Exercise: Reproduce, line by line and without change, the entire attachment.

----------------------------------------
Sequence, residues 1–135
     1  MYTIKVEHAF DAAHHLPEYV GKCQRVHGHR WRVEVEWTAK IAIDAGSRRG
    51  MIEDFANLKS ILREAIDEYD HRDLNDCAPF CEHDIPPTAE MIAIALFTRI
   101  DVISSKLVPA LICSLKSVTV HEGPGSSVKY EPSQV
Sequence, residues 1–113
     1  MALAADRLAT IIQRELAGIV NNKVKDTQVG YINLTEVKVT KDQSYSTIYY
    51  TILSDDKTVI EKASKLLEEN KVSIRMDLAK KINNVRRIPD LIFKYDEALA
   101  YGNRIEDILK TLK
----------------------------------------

Sequence, residues 1–135
     1  MYTIKVEHAF DAAHHLPEYV GKCQRVHGHR WRVEVEWTAK IAIDAGSRRG
    51  MIEDFANLKS ILREAIDEYD HRDLNDCAPF CEHDIPPTAE MIAIALFTRI
   101  DVISSKLVPA LICSLKSVTV HEGPGSSVKY EPSQV
Sequence, residues 1–113
     1  MALAADRLAT IIQRELAGIV NNKVKDTQVG YINLTEVKVT KDQSYSTIYY
    51  TILSDDKTVI EKASKLLEEN KVSIRMDLAK KINNVRRIPD LIFKYDEALA
   101  YGNRIEDILK TLK